Dad Tech – Using the Right Tool for the Job

Lon T Palmer

Lon T Palmer

Today is Father’s Day 2013 and for Home Improvement Stores, the equivalent of the entire year-end Holiday Gift Giving season for Dad repeated for one Sunday in June.  I could not help but notice the endless number of advertisements for Tools available at every possible price point and combination in advance of Father’s Day.

Although I think about my father (who passed in 2008) almost every day, seeing these advertisements and a recent trip to both Home Depot and Lowes got me thinking about some words of wisdom he imparted to me.  “Using the right Tool for the task makes the job easy.”  My father had left me with a lifetime of lessons but on a more tangible level, a workshop full of Tools for almost any task.

My shop includes such tools as a ½” Hammer Drill for sinking anchors in to solid concrete, a Drywall Screwdriver, SawzAll for cutting through almost anything, a Table saw for ripping plywood, Chop Saw for doing molding, a variety of other power drills and tools of varying sizes for different materials, and dozens of screwdrivers, wrenches, sockets, chisels, torches, and hand tools in almost every conceivable size for working with wood, metal, pipe, or stone.  Yes, I could open up a catalog showroom.

My Dad was very hands-on and an excellent Teacher.  To that end, both my brother and I can absolutely swing a hammer, use a drill, hang a shelf, measure twice and cut once, fix a light switch or leaky faucet and can pretty much perform almost any carpentry, plumbing, electrical, tile, or similar “home improvement” task.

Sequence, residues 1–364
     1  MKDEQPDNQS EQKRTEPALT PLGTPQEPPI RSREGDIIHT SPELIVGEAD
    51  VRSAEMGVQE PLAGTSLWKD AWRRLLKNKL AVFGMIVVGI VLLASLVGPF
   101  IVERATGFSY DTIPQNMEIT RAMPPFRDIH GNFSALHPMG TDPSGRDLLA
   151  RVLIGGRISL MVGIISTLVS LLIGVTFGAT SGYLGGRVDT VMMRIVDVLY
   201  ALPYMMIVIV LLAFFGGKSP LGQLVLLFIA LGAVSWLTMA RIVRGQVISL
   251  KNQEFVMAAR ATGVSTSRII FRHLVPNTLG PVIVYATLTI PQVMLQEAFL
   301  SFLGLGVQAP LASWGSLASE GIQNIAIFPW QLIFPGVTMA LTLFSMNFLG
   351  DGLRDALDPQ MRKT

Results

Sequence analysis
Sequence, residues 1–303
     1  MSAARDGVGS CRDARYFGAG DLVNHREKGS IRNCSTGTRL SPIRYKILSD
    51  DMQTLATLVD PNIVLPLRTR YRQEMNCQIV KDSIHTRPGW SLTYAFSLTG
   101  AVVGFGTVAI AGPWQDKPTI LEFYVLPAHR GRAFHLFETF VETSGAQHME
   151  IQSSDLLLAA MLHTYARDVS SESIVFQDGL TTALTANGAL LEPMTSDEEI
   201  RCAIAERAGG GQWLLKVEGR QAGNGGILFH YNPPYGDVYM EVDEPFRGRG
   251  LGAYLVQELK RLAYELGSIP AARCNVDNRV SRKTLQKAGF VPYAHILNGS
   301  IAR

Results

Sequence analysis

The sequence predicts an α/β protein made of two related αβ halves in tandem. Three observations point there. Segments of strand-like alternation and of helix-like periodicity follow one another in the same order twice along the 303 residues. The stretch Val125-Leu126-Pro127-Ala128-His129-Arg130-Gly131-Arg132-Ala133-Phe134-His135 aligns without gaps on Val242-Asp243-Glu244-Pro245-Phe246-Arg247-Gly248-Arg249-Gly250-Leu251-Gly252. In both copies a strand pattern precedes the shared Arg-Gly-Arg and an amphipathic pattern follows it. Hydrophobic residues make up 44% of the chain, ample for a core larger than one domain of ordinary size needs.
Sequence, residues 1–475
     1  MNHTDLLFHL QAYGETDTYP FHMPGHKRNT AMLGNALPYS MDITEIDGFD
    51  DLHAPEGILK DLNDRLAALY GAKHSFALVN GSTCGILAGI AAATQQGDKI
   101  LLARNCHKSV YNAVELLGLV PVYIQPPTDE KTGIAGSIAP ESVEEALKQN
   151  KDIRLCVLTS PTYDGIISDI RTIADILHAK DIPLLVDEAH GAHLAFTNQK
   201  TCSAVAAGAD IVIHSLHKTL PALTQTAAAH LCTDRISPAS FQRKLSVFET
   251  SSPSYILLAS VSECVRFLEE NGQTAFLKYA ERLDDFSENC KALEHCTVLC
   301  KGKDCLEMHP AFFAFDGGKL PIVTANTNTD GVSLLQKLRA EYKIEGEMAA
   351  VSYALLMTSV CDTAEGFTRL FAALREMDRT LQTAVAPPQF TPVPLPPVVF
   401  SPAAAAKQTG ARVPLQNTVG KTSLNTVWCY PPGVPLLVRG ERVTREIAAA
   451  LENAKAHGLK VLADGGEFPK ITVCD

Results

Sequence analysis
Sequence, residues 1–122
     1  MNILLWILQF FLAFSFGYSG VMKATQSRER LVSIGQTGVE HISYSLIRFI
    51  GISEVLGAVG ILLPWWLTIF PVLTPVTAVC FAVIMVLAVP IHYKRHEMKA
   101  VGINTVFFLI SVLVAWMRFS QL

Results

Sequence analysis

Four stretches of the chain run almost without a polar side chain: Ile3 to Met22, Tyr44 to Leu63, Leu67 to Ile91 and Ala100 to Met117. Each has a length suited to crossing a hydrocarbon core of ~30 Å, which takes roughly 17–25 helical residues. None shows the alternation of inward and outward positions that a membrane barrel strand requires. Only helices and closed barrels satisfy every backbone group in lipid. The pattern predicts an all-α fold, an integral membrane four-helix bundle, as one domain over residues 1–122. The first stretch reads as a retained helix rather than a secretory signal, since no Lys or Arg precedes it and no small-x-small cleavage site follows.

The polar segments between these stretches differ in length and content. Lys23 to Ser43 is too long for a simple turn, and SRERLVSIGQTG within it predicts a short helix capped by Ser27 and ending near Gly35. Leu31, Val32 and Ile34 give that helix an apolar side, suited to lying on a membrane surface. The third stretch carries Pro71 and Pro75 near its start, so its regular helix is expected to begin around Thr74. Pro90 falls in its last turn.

Most of the time, we always had the right Tool for the job.

That is not the end of the story but just the beginning.  See, sometimes you do not always have the right tools with you.  It is just as important to learn how to improvise when the right tools are not available.

Much to my Mother’s disapproval, the end of a Kitchen knife can double as an acceptable flat blade screwdriver.  A pointed letter opener can stand in for a Philips Head screwdriver.  A common nail can be used to as an Awl to make a starter hold for a screw.  Any reasonably solid object can be used as Hammer.  (Pliers come to mind as do screwdriver handles.)  Scissors can be used to both cut wire and strip wire.  Any rectangular object can be used as a Square (for making corners).  A glass of water or bottle of soda can be used as a level with a 2×4.  Thick rubber bands with 1×2 can make an acceptable clamp.  And the list goes on…

My point is that it is great when you have the “Right Tool for the Job” but lack of the right tool should not necessarily prevent you from succeeding.  Dad was a master of creativity in “Getting the Job done” and to that end, never let the lack of the proper tool stand in his way of completing the task.

Thanks Dad for teaching Shelly and me that you can still drive a nail without a hammer.  And that a hammer by any other name, (which was frequently the case), would still “Get the Job done.”

Happy Father’s Day

 

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